Kashmir’s local polls only half a step forward towards normality

Kashmir's local polls only half a step forward towards normality

Amulya Ganguli

Prime Minister Narendra Modi is only partially right in claiming that the recent District Development Council (DDC) elections in Jammu and Kashmir have demonstrated the strength of Indian democracy.

Considering that democracy was snuffed out on August 5, 2019, with the stationing of half a million troops, the arrest of political leaders and the curtailment of telecommunication services in the Kashmir valley, it will take more than one round of local elections to revive the democratic way of life in its entirety in the militancy-hit region.

Deep polarization

The fact that the Muslim-dominated Kashmir region recorded a voting percentage of 31.5 against 68.5 in Hindu-majority Jammu shows that the resentment against the Modi government for ending Jammu and Kashmir’s special status by abrogating Articles 370 and 35A of the constitution hasn’t subsided.

In contrast, the much higher participation of the electorate in Jammu underlines the approval of the people there for the peremptory obliteration of the state’s autonomy and its conversion into a Union Territory.

Moreover, the differences in the vote share between the two regions are an indication of the continuing Hindu-Muslim polarization, which is seen by the Bharatiya Janata Party’s (BJP) critics as being at the root of the party’s overall policy.

It is obvious, therefore, that while the gutting of Articles 370 and 35A is seen in the Kashmir valley as an ‘assault’ by a right-wing Hindu nationalist regime on the Union Territory’s distinctive Muslim identity, the step is applauded in Jammu for precisely the same reason.

It will be erroneous to interpret the elections, therefore, as an example of the strength of Indian democracy since the contest appears to have reinforced the existing communal divide. As long as there are no signs that this divide is being bridged, democracy cannot be said to have won in Jammu and Kashmir.

Winning the hearts of the people 

It was to emphasize the idea of the commonality of the two regions and the two communities that former prime minister Atal Bihari Vajpayee, who was seen as a moderate in the BJP, laid stress on the propagation of insaniyat (humanism), jamhooriyat (egalitarianism) and Kashmiriyat (Kashmir’s innate identity of amity). These were the parameters under which he wanted the Kashmir issue to be tackled.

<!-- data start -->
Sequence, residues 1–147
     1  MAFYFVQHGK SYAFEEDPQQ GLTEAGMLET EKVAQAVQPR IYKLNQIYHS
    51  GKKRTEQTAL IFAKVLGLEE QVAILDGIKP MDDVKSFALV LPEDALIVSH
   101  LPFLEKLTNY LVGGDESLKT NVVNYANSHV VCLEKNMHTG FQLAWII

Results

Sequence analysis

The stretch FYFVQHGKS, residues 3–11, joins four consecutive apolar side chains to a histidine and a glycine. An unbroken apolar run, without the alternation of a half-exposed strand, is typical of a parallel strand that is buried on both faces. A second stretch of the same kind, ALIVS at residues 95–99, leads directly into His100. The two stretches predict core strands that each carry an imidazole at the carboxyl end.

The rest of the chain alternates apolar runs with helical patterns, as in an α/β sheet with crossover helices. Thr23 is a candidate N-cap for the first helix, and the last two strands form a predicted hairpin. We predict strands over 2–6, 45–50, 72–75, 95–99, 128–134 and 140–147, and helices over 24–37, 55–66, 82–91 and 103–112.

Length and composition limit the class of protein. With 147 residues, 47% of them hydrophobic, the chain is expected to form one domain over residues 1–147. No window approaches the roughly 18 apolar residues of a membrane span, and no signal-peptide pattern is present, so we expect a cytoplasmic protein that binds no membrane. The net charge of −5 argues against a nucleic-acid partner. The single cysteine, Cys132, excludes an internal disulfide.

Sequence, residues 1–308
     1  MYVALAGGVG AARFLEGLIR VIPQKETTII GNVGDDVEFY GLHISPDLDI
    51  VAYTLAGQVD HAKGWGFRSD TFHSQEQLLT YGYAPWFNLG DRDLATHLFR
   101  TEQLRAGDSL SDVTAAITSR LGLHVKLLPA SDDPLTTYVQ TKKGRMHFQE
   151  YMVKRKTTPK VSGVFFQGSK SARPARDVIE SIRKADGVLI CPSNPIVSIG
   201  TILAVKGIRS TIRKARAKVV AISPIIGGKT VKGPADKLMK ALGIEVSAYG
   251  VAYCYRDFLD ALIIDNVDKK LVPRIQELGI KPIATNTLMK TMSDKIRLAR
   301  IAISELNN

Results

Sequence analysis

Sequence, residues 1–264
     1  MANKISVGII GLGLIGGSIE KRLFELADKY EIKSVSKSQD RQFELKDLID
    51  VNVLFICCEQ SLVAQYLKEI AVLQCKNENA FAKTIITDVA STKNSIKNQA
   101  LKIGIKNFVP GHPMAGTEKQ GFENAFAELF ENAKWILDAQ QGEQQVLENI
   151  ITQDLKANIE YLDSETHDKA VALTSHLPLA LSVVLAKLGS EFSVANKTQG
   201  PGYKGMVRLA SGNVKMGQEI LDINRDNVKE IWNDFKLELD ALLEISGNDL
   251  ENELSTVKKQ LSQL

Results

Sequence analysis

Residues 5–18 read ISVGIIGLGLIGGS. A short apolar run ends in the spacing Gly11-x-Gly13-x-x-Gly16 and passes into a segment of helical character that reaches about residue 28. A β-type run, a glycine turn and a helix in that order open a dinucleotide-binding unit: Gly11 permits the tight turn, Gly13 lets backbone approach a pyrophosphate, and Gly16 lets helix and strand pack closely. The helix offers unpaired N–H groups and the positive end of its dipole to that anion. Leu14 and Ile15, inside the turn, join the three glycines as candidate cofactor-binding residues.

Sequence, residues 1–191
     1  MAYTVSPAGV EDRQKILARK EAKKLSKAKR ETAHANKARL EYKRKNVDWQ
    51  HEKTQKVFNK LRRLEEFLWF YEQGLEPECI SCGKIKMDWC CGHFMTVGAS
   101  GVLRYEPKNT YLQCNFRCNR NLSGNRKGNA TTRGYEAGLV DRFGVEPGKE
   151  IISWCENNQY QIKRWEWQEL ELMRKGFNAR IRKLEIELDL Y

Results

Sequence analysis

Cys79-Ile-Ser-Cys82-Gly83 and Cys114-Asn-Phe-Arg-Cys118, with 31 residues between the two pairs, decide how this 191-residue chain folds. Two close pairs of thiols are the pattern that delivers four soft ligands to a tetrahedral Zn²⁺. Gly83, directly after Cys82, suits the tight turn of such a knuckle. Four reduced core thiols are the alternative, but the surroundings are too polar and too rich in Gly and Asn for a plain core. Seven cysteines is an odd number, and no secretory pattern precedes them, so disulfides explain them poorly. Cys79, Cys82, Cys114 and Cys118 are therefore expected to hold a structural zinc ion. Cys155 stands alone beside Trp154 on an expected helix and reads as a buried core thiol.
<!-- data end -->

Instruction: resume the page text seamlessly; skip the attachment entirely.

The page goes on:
This lofty ideal cannot be achieved merely via elections even if these constitute an important part of the democratic system. Along with them, there is the need to win the hearts and minds of all the people of the Union Territory and not of only one region as at present.

Unless demonstrable progress is made towards achieving such an overall unity, only one step forward can be said to have been taken via the district council elections while the rest of the journey remains incomplete.

It is known that successive governments, of both the Congress and of the BJP under Vajpayee, had been trying to take all the people of Hindu Jammu, Muslim Kashmir and Buddhist Ladakh towards the goal of togetherness. (Ladakh has now been hived off from Jammu and Kashmir and made into a separate Union Territory).

The present ruling dispensation in New Delhi also took a conciliatory path when it appointed former intelligence officer Dineshwar Sharma to mediate between the various groups, including separatists, to find a solution to the Kashmir ‘problem’ which was believed to be behind the sense of alienation among the people and persuaded a section of youths to join the Pakistan-inspired insurgent groups.

Time will show whether by abandoning the path of negotiations and imposing what was perceived as draconian measures in 2019, the government has succeeded in bringing the valley closer to the rest of the country, as it claims, or pushed it further away.

If the latest electoral outcome is considered, it may have done the latter because those who have been calling for the restoration of Kashmir’s special status has won a majority of the councils by winning 112 seats against the BJP’s 75.

Known as the People’s Alliance for the Gupkar Declaration – the declaration being in favor of securing the Union Territory’s special status – the group, which includes former political party rivals like the National Conference and the People’s Democratic Party (PDP), can legitimately claim to represent the voice of the people of the valley.

BJP’s first success in Kashmir

However, if Indian democracy can be said to have demonstrated its strength, it is in the BJP’s unexpected success in winning three seats in the valley, including one in Srinagar, though in a predominantly Shia area. The Shias are known to be generally less critical of the BJP than the Sunnis.  

This is the BJP’s first success in the valley where it has always been regarded as untouchable. However, since local elections generally reflect the popularity of candidates belonging to the area, an outcome that ignores the wider political divisions is not unusual.

The next step in the Union Territory will be the assembly elections, which will test the real mettle of the contestants, especially the Gupkar group and the BJP. Even if the BJP scores a runaway success in the Jammu region, as is likely, a higher voter turnout in the valley is bound to help the Guar alliance fare better than what it did in the district council polls.

If it succeeds in securing a majority, which is not beyond the realms of possibility, it will probably pass a resolution in the assembly seeking the restoration of status quo ante in the Union Territory. South Asia Monitor

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